• Lynne Cooney on 11.14.2018 at 9:37 am

    Great Eastern Trading Company on River Street in Cambridge (Central Square) is a hidden gem with wonderful vintage finds and costumes.

  • Meg White on 11.14.2018 at 11:36 am

    Rick Walker’s at 306 Newbury Street is a great place to look for pre-owned boots, leather jackets and vintage concert tee shirts. A very cool destination, but not cheap. Also, second Bobby from Boston – such a great shop for vintage items!

  • Gracious Store on 11.14.2018 at 12:44 pm

    Secondhand stores are indeed great blessing for the environment. It reduces waste and encourages recycling for fairly used material

  • Danny Berman on 11.14.2018 at 1:05 pm

    Y’all should really consider placing the fantastic store in on Harvard St. in Allston called Cheap Chic. They literally sell everything there. Literally!

    • AP on 11.27.2018 at 10:50 pm

      They do literally sell everything: many years ago I was in Cheap Chic and saw a display case full of used razors for sale.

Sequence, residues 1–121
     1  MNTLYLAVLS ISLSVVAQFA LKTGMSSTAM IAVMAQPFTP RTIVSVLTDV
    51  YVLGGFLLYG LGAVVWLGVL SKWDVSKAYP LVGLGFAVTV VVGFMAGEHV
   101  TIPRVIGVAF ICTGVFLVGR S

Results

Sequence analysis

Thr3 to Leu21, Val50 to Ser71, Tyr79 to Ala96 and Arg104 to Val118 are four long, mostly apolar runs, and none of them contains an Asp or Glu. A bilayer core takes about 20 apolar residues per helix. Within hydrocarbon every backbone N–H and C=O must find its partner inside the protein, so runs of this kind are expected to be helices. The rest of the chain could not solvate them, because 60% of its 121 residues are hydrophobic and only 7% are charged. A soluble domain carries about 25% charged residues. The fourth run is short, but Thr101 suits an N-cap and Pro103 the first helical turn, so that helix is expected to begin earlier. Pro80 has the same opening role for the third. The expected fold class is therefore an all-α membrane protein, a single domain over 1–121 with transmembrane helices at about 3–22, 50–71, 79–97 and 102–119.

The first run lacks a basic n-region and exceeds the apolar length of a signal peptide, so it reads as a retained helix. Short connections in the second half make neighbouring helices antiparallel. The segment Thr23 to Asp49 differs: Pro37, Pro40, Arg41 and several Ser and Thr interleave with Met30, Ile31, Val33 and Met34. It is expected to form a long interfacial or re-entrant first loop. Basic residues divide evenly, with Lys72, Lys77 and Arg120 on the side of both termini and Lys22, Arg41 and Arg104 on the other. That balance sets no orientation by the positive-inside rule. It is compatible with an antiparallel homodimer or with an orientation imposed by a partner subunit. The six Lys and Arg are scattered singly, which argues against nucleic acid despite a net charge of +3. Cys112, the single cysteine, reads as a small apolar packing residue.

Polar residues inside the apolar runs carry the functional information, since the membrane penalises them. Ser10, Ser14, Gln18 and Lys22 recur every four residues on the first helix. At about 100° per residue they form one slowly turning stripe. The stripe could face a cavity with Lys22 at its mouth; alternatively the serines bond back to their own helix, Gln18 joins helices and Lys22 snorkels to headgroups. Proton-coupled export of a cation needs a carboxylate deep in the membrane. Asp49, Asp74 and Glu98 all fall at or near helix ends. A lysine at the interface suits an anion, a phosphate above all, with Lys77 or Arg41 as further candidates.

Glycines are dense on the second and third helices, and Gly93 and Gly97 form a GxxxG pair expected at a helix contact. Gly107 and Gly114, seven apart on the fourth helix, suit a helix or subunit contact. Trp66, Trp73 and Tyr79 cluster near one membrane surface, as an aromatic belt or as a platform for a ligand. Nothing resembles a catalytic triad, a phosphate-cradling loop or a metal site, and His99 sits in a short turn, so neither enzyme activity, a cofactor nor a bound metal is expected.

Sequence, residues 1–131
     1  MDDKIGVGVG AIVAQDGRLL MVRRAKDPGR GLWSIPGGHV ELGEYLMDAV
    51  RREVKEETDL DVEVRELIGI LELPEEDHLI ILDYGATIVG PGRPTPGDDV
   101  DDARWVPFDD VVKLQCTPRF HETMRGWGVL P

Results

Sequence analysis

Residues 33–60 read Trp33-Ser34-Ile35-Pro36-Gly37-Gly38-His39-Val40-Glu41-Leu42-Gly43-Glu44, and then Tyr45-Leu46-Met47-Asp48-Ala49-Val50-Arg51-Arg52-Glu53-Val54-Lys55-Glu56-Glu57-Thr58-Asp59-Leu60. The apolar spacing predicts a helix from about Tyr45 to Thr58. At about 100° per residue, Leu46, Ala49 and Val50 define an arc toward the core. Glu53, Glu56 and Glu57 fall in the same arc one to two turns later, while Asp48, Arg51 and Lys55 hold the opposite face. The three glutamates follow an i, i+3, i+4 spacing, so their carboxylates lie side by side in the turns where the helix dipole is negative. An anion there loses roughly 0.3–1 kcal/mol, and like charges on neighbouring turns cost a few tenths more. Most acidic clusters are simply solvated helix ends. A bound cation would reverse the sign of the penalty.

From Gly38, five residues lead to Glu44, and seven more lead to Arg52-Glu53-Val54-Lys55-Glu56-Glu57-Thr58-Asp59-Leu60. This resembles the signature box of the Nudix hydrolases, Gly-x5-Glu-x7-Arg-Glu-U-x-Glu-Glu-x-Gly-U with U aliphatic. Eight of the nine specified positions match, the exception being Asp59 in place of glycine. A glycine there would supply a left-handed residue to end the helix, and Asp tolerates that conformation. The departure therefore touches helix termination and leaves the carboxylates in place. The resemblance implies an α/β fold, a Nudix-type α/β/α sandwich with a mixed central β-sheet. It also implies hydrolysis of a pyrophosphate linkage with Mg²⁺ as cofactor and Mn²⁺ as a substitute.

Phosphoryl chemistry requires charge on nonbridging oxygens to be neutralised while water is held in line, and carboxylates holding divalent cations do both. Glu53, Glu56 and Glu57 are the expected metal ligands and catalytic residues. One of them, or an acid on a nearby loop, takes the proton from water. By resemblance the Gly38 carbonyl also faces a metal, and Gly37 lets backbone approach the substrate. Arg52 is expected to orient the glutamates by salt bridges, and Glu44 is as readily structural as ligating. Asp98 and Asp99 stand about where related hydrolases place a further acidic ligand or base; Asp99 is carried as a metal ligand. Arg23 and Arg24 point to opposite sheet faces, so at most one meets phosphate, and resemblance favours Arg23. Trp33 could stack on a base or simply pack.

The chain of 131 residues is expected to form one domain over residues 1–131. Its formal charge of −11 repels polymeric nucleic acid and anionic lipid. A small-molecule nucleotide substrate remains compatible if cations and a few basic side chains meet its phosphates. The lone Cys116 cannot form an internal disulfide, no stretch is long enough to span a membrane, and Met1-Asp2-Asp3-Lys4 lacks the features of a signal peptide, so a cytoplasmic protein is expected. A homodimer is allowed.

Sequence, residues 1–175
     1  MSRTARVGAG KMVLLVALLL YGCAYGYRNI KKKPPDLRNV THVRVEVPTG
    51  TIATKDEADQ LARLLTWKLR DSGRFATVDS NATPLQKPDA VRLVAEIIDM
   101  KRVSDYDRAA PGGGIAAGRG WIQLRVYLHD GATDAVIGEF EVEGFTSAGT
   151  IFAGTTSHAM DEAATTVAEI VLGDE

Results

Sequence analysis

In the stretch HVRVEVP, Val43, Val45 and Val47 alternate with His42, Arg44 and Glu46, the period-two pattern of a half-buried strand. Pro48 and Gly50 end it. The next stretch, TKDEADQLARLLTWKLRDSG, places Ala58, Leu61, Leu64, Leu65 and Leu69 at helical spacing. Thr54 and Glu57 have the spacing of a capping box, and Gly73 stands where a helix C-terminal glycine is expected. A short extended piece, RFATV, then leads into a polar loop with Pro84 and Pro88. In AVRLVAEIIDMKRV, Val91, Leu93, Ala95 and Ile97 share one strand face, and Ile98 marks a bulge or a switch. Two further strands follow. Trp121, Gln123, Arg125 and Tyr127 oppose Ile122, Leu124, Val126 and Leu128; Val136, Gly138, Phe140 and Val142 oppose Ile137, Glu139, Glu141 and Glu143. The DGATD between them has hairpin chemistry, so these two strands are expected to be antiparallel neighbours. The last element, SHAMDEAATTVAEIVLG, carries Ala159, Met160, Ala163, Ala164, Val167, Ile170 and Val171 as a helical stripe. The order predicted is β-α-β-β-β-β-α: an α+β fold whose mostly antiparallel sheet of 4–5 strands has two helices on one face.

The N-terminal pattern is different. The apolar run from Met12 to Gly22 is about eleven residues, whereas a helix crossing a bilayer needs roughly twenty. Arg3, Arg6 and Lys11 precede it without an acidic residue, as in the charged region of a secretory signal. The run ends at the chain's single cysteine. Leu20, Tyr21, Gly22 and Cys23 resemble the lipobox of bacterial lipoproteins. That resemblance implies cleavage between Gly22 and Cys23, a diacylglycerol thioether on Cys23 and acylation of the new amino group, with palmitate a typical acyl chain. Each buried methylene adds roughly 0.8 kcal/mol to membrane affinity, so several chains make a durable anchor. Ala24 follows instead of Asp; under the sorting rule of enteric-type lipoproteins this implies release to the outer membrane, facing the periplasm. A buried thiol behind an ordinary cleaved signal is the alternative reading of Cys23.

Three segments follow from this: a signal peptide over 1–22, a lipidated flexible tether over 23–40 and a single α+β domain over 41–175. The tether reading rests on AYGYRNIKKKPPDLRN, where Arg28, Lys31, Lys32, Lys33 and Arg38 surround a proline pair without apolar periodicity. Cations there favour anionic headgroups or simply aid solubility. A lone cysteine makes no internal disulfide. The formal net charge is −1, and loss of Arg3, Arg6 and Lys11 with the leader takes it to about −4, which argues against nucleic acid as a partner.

Ew.

  • Marlene Clauss on 11.15.2018 at 7:26 pm

    Leaving out Great Eastern Trading Company on River St. in Cambridge is a glaring omission. Great Eastern was one of the first vintage stores in the area and is still going strong after 50 years! I ran it for 43 years and recently sold it to Nephtaliem McCrary, a well known local musician and now entrepreneur.
    The store and it’s history deserve are more than mention worthy – there is a book here.

  • helen snively on 11.16.2018 at 10:55 am

    this conversation has been going on for years… yesterday I was talking with someone at a homeless support group who also thinks hard about charities that serve her clientele.. or don’t. Every year she checks the 990s for the execs of Goodwill, Salvation Army, etc. and they continue to make a huge amount of money compared to their employees, especially those with disabilities who can be hired for very little as “trainees.” i’m sure there’s more to the story but I do trust this woman.

  • Jessica Long on 02.10.2019 at 4:08 pm

    Check out Luxury Resale Network in Boston

    Their an online company that sells your designer items and then pays you up to 75%

    I sold my Louis Vuitton bag with them last year!

    http://www.LuxuryResale.net

Post Your Comment

(never shown)